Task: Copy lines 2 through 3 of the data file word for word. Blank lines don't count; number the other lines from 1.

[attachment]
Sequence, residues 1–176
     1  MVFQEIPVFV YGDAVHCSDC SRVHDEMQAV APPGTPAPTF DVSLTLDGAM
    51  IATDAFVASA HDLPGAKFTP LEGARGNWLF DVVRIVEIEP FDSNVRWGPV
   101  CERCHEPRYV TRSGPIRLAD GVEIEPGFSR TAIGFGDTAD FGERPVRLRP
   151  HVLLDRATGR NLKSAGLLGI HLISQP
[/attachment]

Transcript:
     1  MVFQEIPVFV YGDAVHCSDC SRVHDEMQAV APPGTPAPTF DVSLTLDGAM
    51  IATDAFVASA HDLPGAKFTP LEGARGNWLF DVVRIVEIEP FDSNVRWGPV